It's the European Tour's big event so let Steve Rawlings arm you with all the info you need to have a successful BMW PGA Championship...
"Luke Donald's Wentworth form is simply superb and he showed a month ago that he can find something at a venue he likes when he finished runner-up to Branden Grace at Hilton Head on the PGA Tour. He's nowhere near the force he was when he won back-to back here but that effort in the RBC Heritage was very encouraging and in a much weaker field than expected, he may just represent value at 32.031/1."
Originally known as the British PGA Championship and first staged in 1955, the BMW PGA Championship has been the European Tour's flagship event since its inception in 1972.
Wentworth (West Course), Surrey, England.
Par 72 - 7,302 yards
Stroke Index in 2014 - 72.6
Designed by Harry Colt and opened in 1926, the West Course, often referred to as Burma Road, has undergone a series of alterations in recent years, under the supervision of Ernie Els.
All the greens were remodelled in 2009/10 and the par 5 finishing hole was radically changed. At the mercy to modern equipment, the old 18th was an almost given birdie and a great eagle chance but now, with a large stream snaking its way in front of the green, it's a stunning risk/reward finishing hole.
Wentworth is a tight, fairly flat, tree-lined heathland course with tricky-to-read greens that usually run at around 10 on the stimpmeter.
It isn't a popular venue with a number of pros and as a result, the field isn't anywhere near as strong as it perhaps should be with many of the European stars absent again.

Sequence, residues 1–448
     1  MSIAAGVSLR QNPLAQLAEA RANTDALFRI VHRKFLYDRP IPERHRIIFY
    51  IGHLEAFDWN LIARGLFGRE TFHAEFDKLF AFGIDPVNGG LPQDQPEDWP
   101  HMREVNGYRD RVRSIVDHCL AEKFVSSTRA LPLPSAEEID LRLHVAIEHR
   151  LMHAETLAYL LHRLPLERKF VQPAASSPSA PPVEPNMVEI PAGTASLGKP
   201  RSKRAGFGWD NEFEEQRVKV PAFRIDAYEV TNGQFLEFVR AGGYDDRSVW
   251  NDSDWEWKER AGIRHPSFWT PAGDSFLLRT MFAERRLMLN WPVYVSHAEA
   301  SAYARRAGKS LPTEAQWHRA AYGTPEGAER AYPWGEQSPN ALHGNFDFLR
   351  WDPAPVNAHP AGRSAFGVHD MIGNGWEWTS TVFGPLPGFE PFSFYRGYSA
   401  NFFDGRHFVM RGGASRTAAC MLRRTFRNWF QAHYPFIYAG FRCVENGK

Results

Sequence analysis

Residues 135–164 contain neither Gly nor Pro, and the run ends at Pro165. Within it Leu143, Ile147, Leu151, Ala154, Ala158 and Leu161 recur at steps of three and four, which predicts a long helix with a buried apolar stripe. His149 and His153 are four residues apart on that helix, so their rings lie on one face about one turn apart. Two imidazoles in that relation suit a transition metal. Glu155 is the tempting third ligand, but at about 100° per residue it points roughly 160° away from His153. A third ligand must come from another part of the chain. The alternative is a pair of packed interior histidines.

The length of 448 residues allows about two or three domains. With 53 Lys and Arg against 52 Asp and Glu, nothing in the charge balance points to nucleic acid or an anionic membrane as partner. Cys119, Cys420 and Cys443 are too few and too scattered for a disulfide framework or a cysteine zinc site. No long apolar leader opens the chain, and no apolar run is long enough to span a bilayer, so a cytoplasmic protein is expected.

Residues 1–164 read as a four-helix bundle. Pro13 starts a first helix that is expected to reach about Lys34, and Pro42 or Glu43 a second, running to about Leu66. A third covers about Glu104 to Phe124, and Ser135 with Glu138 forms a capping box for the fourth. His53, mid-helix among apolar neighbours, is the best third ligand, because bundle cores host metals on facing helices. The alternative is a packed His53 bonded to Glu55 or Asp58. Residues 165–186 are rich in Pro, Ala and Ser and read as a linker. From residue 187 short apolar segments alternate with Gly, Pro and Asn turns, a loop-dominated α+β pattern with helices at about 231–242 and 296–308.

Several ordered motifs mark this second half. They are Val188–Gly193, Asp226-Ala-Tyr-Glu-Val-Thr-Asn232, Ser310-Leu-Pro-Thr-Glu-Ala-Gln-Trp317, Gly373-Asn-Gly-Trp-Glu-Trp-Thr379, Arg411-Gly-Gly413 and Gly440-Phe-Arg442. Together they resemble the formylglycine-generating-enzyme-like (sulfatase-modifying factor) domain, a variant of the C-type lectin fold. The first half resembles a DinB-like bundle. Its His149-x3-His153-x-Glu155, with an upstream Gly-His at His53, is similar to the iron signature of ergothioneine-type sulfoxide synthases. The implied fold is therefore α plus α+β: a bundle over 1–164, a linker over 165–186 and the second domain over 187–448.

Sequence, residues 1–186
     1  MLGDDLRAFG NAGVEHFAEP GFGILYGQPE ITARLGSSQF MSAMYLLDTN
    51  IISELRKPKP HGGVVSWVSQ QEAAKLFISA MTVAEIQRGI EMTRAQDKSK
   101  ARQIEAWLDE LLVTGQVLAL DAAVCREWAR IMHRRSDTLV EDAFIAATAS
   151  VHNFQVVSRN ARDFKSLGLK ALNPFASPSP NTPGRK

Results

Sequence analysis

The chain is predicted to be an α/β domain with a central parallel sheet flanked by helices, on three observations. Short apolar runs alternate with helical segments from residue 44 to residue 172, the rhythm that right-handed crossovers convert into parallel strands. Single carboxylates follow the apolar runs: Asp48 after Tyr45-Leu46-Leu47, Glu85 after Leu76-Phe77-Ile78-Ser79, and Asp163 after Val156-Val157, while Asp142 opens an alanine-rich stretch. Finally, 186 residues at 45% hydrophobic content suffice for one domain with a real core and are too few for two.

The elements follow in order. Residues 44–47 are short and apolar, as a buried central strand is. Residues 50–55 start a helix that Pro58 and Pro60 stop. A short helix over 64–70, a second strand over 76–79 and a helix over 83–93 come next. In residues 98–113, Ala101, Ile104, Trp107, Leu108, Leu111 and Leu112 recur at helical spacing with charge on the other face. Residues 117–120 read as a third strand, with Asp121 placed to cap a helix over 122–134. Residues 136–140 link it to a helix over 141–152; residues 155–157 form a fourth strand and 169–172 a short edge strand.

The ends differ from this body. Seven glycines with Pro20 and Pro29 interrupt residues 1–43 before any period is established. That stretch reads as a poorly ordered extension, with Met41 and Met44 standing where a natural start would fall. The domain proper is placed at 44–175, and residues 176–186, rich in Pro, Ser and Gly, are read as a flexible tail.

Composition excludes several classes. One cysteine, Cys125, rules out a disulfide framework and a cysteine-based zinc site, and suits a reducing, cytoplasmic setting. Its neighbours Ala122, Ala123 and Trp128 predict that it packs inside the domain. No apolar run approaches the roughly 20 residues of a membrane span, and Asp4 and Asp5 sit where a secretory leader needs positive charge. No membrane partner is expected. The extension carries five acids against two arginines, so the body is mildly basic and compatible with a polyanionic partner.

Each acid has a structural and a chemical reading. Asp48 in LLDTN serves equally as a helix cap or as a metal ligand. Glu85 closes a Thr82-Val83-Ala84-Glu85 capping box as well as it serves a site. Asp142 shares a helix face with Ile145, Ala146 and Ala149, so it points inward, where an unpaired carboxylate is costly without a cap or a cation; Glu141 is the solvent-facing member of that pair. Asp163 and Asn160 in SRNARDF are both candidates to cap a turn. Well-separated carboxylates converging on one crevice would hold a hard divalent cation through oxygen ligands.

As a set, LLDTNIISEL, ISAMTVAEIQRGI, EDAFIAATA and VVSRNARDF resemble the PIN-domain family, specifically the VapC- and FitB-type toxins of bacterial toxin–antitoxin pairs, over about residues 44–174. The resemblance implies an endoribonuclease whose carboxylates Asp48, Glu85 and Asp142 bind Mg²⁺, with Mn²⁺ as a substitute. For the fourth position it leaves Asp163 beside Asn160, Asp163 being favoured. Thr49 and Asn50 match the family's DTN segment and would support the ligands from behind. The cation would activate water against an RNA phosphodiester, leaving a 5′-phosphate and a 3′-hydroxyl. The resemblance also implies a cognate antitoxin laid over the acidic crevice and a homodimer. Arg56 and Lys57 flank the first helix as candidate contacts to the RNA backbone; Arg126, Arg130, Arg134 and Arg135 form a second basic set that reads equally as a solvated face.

The course has been in the news a lot lately after new billionaire owners hiked up the joining and membership fees considerably, causing a lot of rich people to feel aggrieved about the prospect of being ousted by even richer people. A tragedy if ever there was one.
Live on Sky all four days starting at 10:00 on Thursday.
Last Five Winners
2015 - Byeong-Hun An -21
2014 - Rory McIlroy -14
2013 - Matteo Manassero -10 (Playoff)
2012 - Luke Donald -15
2011 - Luke Donald -6 (Playoff) (Par 71)
What Will it Take to Win The BMW PGA Championship
Byeong-Hun An smashed it off the tee last year to top the Driving Distance stats and Rory McIlroy ranked third for DD when he won here in 2014 but I wouldn't give that too much credence. The winners that preceded them - Matteo Manassero, Luke Donald and Simon Khan - are all fairly short off the tee and the average DD ranking of the 12 winners before Rory was just 43.75.
An ranked 35th for Driving Accuracy and that's bang on the average ranking of the last five winners so I'd conclude that length nor accuracy is especially vital off the tee.
In addition to hitting it further than anyone else, An also ranked first for Scrambling, Par 3 Scoring, Sand Saves and Greens In Regulation. It's no wonder he won by seven really is it! The most important of those, and indeed all the stats, appears to be GIR. An was the sixth winner in ten years to rank inside the top-four for that key stat.
An had a Putting Average rankling of 11th but a couple of winners have managed to get the job done with a very cold putter. Anders Hansen ranked just 46th when he won the second of his two titles in 2007 and Khan putted even worse in 2010- he ranked 55th! It's all about pounding as many greens as possible and giving yourself as many looks at birdie as you can.
Is There an Angle In?
Byeong-Hun An was the first Asian winner of the PGA and he was just third debutant to win in its 60 year history and I'd be inclined to lean to those with previous course experience and in-particular those with course form. It's particularly important here, despite last year's result.
The greens take some getting used to and the wind is very difficult to gauge. You can be in one place on the course and not feel it at all but then walk on a few yards and it's blowing hard. The trees hide the wind well and it's very confusing for those without course experience.